Concept design of the Surf and Yoga Resort planned for development in Iluka.
Concept design of the Surf and Yoga Resort planned for development in Iluka. Surf&Yoga P/L

$10 million resort set to dominate village business entrance

THE ENTRANCE to Iluka's business district is likely to be dominated by a $10 million, 40-bed surf and yoga resort after a Clarence Valley Council committee recommended approval.

The council's environment, planning and community committee approved the development, although councillors quizzed developer Derk Vanderbent extensively after he made a deputation to the committee meeting.

In his deputation, Mr Vanderbent said the development has "almost 100 per cent support" from local business.

"Local businesses are keen to see employment in the area and extra tourists," he said.

"Locals don't need to fear we don't have the interests of Iluka at heart.

"We're here because of the same reasons everybody else is there: we understand the unique attributes of a small village atmosphere.

"A 40-room motel is not going to make a dent into that atmosphere."

Should the full council meeting next week approve the development, construction will go ahead on the site of a disused petrol station, which has been derelict for the past 14 years.

Mr Vanderbent described the process of removing the underground tanks, which had rendered the site un-usable.

During questions Cr Peter Ellem asked the developer how he arrived at the "almost 100 per cent support" figure.

"We've been around the community for around 12 months talking to people and been invited to a couple of functions," he said. "Generally everybody has been in support of it."

"We've had an objection, I think about visibility from the adjoining motel.

"I don't think that's a major issue. I think regardless of who builds on that site, you're going to get a similar construction."

Cr Greg Clancy was concerned the council staff had been too lenient in allowing the building roof height to exceed allowed limits.

"We see a lot of this in our meetings where building designs exceed the DCP specification," he said.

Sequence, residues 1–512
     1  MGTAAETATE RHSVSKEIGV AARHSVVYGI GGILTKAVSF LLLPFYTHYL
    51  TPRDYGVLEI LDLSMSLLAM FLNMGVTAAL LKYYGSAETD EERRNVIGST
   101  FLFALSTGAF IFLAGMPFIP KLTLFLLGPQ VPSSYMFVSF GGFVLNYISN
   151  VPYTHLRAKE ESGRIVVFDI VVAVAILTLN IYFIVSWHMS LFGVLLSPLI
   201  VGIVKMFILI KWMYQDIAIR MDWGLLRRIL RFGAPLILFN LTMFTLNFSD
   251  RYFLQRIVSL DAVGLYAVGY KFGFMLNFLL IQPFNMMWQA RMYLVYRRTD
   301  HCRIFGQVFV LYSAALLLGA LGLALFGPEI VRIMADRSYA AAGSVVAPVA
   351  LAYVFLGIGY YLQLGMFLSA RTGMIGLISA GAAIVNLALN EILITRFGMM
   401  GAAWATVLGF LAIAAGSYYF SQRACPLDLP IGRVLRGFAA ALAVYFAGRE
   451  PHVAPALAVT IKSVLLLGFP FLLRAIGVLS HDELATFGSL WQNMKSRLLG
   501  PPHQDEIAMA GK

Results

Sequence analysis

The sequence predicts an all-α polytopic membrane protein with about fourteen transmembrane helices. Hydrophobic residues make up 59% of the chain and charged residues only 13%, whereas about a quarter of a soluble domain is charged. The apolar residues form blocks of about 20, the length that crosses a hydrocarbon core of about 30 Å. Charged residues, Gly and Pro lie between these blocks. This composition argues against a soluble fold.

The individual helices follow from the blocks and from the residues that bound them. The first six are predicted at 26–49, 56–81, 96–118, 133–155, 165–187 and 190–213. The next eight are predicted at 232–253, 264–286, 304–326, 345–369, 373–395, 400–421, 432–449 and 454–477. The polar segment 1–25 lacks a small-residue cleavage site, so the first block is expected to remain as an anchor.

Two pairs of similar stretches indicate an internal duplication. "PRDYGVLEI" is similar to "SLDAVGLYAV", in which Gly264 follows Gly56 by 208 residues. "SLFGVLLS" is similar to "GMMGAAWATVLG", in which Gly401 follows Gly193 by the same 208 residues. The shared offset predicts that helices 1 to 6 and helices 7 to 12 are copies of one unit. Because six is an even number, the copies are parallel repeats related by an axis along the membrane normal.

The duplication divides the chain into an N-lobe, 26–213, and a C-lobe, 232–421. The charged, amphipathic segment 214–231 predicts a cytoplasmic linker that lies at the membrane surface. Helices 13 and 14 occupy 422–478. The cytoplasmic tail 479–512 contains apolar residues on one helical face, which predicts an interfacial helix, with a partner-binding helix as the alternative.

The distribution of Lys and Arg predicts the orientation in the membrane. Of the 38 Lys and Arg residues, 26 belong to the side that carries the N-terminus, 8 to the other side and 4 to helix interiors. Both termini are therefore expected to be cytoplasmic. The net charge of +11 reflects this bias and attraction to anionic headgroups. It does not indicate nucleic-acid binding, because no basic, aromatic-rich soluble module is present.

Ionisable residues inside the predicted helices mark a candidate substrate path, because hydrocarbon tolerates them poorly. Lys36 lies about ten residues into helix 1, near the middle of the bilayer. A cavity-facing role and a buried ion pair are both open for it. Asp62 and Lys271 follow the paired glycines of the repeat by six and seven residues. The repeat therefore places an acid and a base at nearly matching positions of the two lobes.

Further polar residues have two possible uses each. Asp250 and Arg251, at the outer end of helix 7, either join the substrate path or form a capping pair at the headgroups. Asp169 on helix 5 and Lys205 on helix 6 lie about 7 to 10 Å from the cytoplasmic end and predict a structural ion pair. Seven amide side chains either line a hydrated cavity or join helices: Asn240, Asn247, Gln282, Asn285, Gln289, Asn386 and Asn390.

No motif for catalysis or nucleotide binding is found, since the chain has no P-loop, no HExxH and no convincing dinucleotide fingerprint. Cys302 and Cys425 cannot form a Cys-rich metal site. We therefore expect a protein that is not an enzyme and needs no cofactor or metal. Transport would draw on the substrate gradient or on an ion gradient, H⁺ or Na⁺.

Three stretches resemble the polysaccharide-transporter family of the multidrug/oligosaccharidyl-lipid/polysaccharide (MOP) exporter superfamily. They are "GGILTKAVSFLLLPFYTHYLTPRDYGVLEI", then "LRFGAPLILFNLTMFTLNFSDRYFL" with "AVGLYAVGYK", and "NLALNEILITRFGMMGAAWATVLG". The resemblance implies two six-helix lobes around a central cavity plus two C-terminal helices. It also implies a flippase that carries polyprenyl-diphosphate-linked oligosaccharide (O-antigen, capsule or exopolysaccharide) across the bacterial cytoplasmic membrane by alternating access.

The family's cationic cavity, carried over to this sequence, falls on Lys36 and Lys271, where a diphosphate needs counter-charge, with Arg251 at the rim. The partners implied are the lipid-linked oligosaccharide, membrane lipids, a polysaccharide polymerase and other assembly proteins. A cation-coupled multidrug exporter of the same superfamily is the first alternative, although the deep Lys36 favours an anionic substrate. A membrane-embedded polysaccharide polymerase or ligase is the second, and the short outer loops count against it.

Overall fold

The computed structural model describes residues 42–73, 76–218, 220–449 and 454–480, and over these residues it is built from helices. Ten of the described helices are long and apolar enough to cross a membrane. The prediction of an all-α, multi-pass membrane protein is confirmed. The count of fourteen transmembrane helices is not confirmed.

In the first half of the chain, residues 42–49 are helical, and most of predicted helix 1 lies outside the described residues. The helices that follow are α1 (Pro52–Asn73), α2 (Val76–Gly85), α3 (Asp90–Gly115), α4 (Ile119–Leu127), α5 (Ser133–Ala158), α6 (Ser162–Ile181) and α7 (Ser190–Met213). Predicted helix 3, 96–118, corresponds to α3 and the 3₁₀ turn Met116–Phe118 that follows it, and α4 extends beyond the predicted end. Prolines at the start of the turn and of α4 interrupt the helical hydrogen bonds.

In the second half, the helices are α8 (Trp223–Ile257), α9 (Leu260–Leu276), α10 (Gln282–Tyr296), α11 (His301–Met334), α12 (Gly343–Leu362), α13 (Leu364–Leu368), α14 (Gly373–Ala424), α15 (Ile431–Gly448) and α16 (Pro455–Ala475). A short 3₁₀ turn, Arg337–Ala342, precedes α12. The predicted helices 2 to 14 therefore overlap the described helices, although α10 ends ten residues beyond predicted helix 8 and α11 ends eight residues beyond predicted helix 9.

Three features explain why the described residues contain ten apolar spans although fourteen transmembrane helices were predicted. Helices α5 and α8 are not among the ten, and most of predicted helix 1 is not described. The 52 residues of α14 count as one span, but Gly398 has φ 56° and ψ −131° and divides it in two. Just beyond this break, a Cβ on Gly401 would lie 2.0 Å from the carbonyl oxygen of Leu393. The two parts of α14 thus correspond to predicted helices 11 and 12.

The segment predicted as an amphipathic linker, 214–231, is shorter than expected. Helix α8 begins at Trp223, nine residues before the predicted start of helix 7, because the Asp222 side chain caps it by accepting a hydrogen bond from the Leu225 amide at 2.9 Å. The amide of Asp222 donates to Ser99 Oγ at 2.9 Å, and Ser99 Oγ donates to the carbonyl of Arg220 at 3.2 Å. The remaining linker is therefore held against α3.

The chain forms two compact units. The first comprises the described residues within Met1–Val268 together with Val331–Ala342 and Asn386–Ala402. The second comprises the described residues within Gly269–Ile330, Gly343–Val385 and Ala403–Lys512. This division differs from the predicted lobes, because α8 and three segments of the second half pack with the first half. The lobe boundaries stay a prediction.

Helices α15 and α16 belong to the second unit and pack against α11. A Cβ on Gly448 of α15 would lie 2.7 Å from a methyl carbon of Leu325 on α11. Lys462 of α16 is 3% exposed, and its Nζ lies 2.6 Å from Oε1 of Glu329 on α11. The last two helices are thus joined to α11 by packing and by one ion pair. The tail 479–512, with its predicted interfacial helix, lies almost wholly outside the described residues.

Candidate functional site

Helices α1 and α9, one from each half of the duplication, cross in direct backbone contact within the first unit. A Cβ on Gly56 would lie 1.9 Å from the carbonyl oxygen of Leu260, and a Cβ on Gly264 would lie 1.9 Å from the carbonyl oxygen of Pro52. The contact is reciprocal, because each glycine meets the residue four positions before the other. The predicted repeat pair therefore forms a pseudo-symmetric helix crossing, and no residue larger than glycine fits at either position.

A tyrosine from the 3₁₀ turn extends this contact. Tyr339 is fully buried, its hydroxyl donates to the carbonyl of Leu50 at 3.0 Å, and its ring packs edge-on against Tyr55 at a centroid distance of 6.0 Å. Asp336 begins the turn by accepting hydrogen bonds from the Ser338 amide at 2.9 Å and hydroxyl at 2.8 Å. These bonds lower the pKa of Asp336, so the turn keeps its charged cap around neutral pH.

"Was it not possible to get a design that fell within the design envelope?"

Mr Vanderbent said it was possible, but the design had to cope with a feature of the landscape, a hollow on the back corner of the site, which challenged the DCP.

"That little dip basically throws that part of the building height over and above the 1.5m.

"We have tried to keep the roofline on the building level.

"You could re-design your roof to follow the dip, but a don't that's practical."

Cr Clancy also quizzed the developer about the clearing of the site before the DA had been submitted.

"It was a bit of a toss up about which way to go with this," Mr Vanderbent said.

"We could still be sitting there with the site exactly the way it was and waited till we got council approval for the whole project.

"We thought it was worth getting a bit of a time line going so we could recycle some of these buildings.

"If we had waited until we got our final OK, it would have been a mass demolition, knock the whole thing down cart it away and dumped.

"We took the view if we take this one step at a time - and the site had to be cleared first of all to get the tanks out of the ground - ... the sooner we could have the site ready."

The committee voted 4-1 to recommend approval of the development, with variations allowed to the height limit of 10.9m and a shortfall of two parking spaces as required in the DCP.